A Helios flight from Cyprus to Birmingham Airport had problems landing because of technical problems on the eve of the Helios crash in Athens.
Fire crews were on hand when Flight 408 eventually landed
The flight from Larnaca circled and delayed landing before being escorted into the airport by fire crews.
The pilot had reported a problem with landing flaps.
A Helios spokesman said the aircraft landed safely on Saturday, passengers were not at risk and the problem was "nothing out of the ordinary".
On Sunday 121 passengers and crew on the Helios flight bound for Prague died when it hit a hill in Greece after an apparent drop in cabin pressure is believed to have knocked out both pilots.
Deborah Lake, of Birmingham, who was on Saturday night's flight into Birmingham Airport, said: "We were about to land when we realised there were technical difficulties with the landing flaps that normally fly the plane down.
"The pilot said we would have to circle for 10 to 15 minutes but it was longer than that - more like half an hour."
Mrs Lake, 42, was flying with a 28-strong party from the Hi Bri School of Dance, including her three children and 14 other youngsters, which had been performing in the resort of Protaras.
"It was scary," she said.
"Everyone was feeling the same but they didn't want to say anything.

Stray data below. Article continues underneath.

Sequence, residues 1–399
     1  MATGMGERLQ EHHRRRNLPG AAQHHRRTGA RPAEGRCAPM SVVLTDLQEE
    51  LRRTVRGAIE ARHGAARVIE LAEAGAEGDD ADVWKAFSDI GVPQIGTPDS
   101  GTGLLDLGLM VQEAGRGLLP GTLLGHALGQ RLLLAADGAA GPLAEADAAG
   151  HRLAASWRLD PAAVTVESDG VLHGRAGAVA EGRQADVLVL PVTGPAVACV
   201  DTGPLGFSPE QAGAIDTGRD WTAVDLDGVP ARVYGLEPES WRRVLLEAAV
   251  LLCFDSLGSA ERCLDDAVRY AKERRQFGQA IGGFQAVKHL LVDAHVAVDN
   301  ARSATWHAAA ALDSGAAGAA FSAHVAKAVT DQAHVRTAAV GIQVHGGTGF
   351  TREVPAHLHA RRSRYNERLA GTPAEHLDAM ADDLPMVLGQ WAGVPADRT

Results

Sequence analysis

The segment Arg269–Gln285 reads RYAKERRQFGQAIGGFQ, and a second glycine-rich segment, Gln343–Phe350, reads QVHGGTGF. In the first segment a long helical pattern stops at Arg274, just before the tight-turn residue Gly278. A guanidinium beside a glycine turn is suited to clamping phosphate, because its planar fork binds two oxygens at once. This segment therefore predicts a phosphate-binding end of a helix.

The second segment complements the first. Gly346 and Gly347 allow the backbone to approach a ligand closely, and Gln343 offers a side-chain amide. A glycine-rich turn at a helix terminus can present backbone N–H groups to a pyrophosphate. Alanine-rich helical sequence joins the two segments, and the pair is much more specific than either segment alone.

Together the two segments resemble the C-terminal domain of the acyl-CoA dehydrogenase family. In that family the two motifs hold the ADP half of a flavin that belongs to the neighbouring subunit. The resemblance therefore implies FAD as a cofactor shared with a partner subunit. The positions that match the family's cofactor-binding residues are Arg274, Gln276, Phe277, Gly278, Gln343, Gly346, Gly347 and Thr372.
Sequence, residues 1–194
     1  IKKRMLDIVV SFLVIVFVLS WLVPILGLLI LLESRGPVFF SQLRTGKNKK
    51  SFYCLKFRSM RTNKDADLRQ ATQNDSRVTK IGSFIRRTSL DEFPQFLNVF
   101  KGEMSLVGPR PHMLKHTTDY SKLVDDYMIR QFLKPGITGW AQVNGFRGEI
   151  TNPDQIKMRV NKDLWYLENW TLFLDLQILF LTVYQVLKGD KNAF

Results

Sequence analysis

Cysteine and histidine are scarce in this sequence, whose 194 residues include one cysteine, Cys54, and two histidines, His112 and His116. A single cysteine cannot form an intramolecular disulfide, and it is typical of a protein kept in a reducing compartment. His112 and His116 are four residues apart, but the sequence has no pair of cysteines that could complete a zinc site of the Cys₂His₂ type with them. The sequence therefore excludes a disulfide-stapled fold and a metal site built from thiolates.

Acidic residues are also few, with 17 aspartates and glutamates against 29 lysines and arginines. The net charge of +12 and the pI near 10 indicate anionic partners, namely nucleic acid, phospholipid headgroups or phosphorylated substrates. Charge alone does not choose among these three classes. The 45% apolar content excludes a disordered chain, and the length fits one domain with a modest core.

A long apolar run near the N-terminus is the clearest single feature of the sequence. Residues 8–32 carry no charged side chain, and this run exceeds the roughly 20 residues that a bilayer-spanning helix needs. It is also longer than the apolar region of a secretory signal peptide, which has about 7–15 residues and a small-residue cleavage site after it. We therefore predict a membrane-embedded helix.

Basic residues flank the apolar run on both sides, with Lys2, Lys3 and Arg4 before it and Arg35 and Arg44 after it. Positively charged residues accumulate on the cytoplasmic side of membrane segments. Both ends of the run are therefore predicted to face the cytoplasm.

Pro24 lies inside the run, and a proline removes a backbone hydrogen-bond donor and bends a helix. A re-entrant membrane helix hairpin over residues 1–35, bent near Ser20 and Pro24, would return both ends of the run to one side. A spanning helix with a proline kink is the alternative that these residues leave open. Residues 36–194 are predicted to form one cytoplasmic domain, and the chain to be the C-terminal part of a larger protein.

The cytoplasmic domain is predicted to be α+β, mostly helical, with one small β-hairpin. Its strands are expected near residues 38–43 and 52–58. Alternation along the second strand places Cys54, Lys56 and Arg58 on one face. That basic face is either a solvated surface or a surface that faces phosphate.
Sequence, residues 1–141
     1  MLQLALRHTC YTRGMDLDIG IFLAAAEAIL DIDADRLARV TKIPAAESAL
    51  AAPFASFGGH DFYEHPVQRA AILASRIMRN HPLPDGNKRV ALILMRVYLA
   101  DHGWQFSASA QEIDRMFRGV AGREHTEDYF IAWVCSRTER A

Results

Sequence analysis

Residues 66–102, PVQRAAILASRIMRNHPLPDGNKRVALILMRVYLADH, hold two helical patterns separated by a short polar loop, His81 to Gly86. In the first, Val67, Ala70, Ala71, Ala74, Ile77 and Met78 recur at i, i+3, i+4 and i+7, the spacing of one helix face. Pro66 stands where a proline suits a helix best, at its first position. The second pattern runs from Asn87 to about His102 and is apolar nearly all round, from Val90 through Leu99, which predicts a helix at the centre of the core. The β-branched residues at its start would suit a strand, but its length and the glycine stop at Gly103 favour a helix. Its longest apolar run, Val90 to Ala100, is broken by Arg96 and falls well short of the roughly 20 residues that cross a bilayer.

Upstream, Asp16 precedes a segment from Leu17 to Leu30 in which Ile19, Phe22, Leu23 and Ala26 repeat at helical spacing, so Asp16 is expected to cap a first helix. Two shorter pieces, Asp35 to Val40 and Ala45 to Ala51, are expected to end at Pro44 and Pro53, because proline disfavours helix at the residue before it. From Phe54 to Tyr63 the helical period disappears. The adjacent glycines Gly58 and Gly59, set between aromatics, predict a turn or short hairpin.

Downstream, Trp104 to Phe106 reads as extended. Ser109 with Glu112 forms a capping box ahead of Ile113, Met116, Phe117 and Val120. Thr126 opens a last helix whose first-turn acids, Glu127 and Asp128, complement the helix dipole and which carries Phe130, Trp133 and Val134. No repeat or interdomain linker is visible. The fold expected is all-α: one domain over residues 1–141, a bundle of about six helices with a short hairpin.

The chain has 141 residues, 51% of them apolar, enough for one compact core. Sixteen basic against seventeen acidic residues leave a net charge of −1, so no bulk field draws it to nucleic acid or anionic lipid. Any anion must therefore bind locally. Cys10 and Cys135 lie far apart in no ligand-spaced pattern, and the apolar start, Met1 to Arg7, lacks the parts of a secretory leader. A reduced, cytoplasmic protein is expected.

"As adults, we had responsibility for the children so all sorts of things were going through my head."
The emergency services waited on standby until the plane eventually landed safely.
Members of Hi Bri School of Dance were among those on the flight
When she found out about Sunday's plane crash in Athens, Mrs Lake said she felt "very lucky".
A spokeswoman for Birmingham Airport confirmed the pilot had reported a problem with the landing flaps on Flight 408 but said the plane had landed after a "routine precaution procedure".
"The plane circled to test the landing flaps," she said.
"It was what we call a local standby.
"The captain contacts air traffic control and they will let the fire service know and the fire service will go out and escort them back.
"It landed okay but it's a bit disconcerting for passengers."
A spokesman for Helios said the aircraft was "not endangered in any way".
"One of the flaps needed adjusting, or tuning," he said.
"This is not something that's out of the ordinary - it was a simple maintenance job.
"It landed okay, the plane was checked and it set off again okay the next day."